“It is very important for some of the change to happen earlier, so we can increase the number of senior women in finance. Physics and further mathematics are the A-level subjects that seem to be perennially unpopular with the girls. It all starts there, at school and college.”

Caroline Start, Paraplanner, Ex-PFS President and founder/owner of Sparrow Paraplanning, said: “I’ve worked in financial services and financial planning for coming up to 25 years, and I never ceased to be surprised, but also really proud, of some of the amazing women we have working in our sector. 

 
 

“FCA data shows that only 16% of regulated individuals are female and we of course need to address this to make the profession more appealing to women. However, in that 16%, we have some of the most incredible, dedicated, and forward thinking women, who certainly inspire me every day. 

“Whilst focus is often on that 16%, we shouldn’t overlook the other parts of our profession, which also has some incredible women who have been blazing a trail. In compliance, platforms, research, paraplanning, administration and support services, as well as training and development. 

“We have come along way as a profession, and whilst we still have some ways to go to really Inspire Inclusion, it does feel like we are now definitely on the right track.”

 
 

Rupi Bahra, Head of Strategic Accounts and Implementation at MetLife UK said: “It is a fact that having a more diverse and inclusive workplace increases creativity, innovation, and progression – ultimately leading to more successful business output. Companies with more women in leadership roles are significantly more profitable than those without.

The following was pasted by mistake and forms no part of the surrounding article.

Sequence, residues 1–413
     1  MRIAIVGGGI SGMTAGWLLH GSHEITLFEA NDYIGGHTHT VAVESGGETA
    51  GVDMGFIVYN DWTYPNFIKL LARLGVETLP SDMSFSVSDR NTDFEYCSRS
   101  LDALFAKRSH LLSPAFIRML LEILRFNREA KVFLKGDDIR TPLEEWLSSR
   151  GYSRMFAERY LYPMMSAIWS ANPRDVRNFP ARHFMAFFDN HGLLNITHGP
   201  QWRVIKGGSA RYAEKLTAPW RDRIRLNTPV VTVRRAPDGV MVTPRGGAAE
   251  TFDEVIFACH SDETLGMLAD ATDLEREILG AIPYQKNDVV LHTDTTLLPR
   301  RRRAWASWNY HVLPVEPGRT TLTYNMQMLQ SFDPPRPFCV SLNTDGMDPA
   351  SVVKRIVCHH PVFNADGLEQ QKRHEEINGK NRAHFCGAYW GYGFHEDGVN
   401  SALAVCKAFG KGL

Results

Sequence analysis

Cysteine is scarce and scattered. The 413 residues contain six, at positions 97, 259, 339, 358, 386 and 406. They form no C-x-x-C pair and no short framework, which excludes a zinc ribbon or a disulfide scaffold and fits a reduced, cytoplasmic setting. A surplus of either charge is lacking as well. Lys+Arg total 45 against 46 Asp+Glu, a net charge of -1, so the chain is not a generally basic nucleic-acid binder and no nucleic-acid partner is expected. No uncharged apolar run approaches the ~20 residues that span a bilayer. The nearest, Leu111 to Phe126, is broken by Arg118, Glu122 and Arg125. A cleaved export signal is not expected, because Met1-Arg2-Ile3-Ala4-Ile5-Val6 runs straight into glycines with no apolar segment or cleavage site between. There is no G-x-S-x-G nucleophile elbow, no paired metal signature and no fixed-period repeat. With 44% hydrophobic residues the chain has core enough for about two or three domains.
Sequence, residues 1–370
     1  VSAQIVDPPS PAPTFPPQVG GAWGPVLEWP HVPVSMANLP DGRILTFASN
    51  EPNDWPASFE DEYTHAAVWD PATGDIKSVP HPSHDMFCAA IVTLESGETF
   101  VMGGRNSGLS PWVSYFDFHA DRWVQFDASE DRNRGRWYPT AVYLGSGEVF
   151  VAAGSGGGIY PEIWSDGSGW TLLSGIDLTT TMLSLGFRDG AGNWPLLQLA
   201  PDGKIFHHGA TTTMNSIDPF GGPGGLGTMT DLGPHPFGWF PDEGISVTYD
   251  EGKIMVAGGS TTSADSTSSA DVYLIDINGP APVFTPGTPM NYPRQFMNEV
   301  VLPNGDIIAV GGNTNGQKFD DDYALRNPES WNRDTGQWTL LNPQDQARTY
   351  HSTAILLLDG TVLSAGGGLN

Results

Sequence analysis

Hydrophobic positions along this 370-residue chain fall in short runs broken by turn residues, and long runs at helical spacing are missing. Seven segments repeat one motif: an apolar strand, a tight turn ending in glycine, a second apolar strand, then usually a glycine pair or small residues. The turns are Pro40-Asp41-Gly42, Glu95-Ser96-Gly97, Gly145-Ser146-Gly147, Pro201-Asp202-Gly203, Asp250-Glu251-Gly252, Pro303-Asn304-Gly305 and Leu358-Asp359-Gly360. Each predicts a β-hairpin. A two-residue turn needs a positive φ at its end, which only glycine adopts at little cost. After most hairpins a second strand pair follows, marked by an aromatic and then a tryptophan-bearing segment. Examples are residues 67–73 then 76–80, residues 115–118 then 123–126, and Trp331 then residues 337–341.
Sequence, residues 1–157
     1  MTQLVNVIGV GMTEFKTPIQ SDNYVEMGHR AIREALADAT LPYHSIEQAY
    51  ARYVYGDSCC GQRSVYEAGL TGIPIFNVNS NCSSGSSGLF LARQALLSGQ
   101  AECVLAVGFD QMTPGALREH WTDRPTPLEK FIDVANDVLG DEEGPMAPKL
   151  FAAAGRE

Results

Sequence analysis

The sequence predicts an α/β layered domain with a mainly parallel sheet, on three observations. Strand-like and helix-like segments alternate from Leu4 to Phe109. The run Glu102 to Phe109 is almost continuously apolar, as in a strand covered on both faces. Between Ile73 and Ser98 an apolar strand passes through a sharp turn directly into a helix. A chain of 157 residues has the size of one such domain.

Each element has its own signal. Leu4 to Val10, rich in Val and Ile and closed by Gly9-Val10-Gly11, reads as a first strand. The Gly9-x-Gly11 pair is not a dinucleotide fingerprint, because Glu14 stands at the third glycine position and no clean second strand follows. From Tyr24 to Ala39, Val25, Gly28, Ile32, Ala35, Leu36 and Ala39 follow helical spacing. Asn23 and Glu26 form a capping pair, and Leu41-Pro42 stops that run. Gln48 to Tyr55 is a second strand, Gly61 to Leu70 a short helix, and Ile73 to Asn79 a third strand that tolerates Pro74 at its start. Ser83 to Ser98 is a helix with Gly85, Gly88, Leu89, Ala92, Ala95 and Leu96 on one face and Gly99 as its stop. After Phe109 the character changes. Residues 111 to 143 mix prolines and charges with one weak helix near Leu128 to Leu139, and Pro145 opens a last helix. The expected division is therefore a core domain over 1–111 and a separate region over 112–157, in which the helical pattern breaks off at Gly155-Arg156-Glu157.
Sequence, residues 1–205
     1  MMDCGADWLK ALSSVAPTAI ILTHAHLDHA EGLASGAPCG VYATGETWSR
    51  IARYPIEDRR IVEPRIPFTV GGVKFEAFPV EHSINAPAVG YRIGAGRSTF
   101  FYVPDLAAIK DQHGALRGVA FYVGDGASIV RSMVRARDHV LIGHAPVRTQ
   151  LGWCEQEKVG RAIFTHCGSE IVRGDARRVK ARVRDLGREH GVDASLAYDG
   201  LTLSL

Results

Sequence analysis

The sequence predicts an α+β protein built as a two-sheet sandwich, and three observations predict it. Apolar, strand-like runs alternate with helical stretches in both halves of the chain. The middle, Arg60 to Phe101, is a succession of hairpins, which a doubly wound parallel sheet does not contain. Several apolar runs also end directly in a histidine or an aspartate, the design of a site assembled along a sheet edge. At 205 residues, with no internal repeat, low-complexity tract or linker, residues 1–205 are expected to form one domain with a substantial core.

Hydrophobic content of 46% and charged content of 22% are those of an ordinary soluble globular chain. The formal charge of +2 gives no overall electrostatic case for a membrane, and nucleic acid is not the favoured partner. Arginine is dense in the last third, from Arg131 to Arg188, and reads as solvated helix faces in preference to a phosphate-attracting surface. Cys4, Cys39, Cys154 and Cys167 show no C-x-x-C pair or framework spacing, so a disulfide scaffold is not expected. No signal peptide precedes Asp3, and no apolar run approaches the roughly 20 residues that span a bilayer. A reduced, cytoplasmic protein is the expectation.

“Women bring a much-needed different perspective to situations (just as the opinions of other minority groups do!) and for a business to be successful, views of both men and women are vital. 

“It is really important for any organisation to form a good bench of female leaders. If women do not see other women in leadership positions, it can damage trust in equal career development opportunities and could result in companies losing good talent.”

 
 

 For Annabel Hornsby, Business Development Director, Cazenove Capital, inspiring inclusion within the business is really important as she comments: “Cazenove Capital is a wealth manager dealing with individuals from across the UK and from a very wide range of backgrounds. This means that diversity is absolutely crucial for us! Clients don’t all expect to work with someone who is the same gender as them or comes from exactly their background; but they do expect us to have some familiarity with what they are going through and their circumstances and that only happens with a diverse workforce. So it’s really a core part of our commitment to providing our clients with the best service that we can. That will be true for many other financial services businesses in the UK and around the world. If the industry gets it right, it should lead to higher levels of financial inclusion, which brings with it many wider benefits.”

Chloe Lewis, Director of Client Management, Alight Solutions: “The role of gender equality does not rest on the shoulders of HR. This comes from every leader within a business to drive change.  

“Yet, HR does have a responsibility to be the driving force,  set expectations and challenge the business to be the best it can. This begins in the people function and alignment of business objectives by strategically managing talent is where it starts. The best saying I’ve ever heard is “you can’t be what you can’t see.” Relating this to my career and background, HR need to be the role models for the wider business and ensure inclusivity and diversity within their team first and foremost – but this must be about inspiring and challenging the wider leadership to drive change. Ticking any box has the worst possible effect you can imagine.